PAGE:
When Heldon Met Kraftwerk

Heldon guitarist and electronics innovator Richard Pinhas reflects on some memorable encounters with Kraftwerk 

One afternoon in 1976, Richard Pinhas was at home in Paris minding his own business when the telephone rang. The French musician remembers taking the unexpected call in the same week his band Heldon’s now-classic fifth album ‘Un Rêve Sans Conséquence Spéciale’ was released. Few people had his number at that time, so a call out of the blue elicited mild bemusement. The Frenchman picked up the receiver and was greeted by an unfamiliar female voice at the other end. 

“Hello,” said the disembodied voice in a posh German accent. “Kraftwerk want to meet you.”

Sensing he was about to become the victim of an elaborate blag, Pinhas politely informed the woman he was aware he was being wound up and swiftly ended the call. Shortly afterwards, the phone rang again and the same thing happened. Then several minutes later, the phone started again and the ringing persisted. 

“This is a joke,” he stated firmly, hanging up for a third time. 

He was considering dispelling the nuisance caller with stronger words on a fourth attempt, but this time he heard a different voice on the other end of the line.

“It was not the lady this time,” says Pinhas, still sounding surprised. It was Ralf or Florian. “Their secretary had tried to speak to me, and when I kept putting the phone down they decided to call themselves. Whichever one it was, was talking in fluent French. Great French! He said, ‘It’s Ralf’ or ‘It’s Florian’, I can never remember which is which, to be honest…”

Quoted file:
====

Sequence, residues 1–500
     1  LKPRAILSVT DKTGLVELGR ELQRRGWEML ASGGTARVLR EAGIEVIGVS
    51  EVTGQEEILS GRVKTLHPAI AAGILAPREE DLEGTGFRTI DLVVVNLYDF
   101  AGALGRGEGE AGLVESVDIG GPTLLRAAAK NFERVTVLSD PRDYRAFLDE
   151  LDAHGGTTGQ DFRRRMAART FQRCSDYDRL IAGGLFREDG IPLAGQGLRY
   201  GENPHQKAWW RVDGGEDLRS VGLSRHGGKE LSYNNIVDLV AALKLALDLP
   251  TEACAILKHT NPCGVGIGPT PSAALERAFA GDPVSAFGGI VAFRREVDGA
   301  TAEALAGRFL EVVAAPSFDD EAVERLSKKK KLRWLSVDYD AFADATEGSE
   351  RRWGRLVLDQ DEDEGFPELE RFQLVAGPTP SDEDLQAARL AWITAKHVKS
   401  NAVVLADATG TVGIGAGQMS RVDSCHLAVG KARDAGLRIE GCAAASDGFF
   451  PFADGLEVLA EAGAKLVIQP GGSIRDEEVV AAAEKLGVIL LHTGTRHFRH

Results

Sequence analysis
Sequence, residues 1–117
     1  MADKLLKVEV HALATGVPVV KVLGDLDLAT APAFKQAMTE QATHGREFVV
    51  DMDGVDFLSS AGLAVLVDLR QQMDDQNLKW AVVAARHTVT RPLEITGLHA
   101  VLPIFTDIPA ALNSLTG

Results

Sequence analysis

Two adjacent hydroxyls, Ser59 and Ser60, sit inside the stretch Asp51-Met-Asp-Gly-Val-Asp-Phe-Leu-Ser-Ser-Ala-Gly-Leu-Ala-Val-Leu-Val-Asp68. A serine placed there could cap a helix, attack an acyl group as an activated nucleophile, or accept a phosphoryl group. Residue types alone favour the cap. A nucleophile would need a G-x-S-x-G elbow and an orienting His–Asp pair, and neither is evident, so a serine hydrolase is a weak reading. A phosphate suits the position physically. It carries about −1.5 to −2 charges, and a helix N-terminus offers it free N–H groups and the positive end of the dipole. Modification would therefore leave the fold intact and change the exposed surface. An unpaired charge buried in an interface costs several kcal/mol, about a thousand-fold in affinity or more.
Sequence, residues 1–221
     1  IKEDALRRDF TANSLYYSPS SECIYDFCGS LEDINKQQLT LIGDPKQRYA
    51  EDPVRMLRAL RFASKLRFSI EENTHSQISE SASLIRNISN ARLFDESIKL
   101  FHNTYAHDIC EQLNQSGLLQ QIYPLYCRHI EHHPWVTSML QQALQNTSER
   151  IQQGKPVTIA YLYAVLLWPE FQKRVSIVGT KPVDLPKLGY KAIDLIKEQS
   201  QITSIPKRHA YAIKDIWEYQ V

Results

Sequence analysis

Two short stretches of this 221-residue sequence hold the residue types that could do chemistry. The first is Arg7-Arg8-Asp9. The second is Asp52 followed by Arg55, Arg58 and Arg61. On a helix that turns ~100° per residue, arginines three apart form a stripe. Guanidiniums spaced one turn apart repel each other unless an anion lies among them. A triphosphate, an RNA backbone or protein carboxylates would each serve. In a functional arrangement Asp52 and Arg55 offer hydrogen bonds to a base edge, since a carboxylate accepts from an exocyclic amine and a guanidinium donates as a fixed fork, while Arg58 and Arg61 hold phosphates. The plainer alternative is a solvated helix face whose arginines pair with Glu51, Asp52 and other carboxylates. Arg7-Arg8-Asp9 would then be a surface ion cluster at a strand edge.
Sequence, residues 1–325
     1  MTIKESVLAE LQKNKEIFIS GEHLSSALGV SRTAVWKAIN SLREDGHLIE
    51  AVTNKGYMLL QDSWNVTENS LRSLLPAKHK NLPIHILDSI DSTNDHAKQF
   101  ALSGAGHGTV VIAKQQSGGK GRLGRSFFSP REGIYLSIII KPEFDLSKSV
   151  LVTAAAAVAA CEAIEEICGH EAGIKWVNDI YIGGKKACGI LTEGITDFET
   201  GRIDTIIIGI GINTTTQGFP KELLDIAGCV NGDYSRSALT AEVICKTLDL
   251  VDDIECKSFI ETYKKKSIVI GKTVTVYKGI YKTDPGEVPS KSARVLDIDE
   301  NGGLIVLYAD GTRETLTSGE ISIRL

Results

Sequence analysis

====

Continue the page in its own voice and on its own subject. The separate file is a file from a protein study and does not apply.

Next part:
While Florian Schneider was born in what is now Baden-Württemberg in the French Occupied Zone on the German border, we’ll assume it was Ralf Hütter, Kraftwerk’s last man standing. Ralf conducted many eloquent interviews in France at the time of ‘Tour De France’ in 1983, which he’d also originally written in the language of the country that hosts the world’s most famous cycling race. 

“After several minutes on the phone, I realised it wasn’t a wind-up,” says Pinhas. “They really did want to see me.”

At this time in musical history, Pinhas was only aware of about nine bands in the world making “music with a computer”.

“England, Japan… most were based in Germany, actually,” he recalls. “In France, we only had the Moog and E-MU Systems.” 

He hadn’t paid much heed to most of his electronic competitors, though Kraftwerk were unavoidable – ‘Radioactivity’ was a big hit in France in the summer of 1976. Moreover, he was a fan. The idea that they could be calling him seemed preposterous – Heldon had been making waves, but Pinhas was just starting out, having recently chosen rock ’n’ roll over lecturing in philosophy at the Sorbonne. 

“Because for me, you know, electronic music is still rock ’n’ roll!” he adds, emphatically. 

Aged 25, he’d been eking out a living playing synth sessions for other artists at Studio Davout in Paris, with Heldon making records in the downtime thanks to him having a key to the building. Access to the 16-track gave the band thousands of pounds worth of recording time that he never would have been able to afford ordinarily.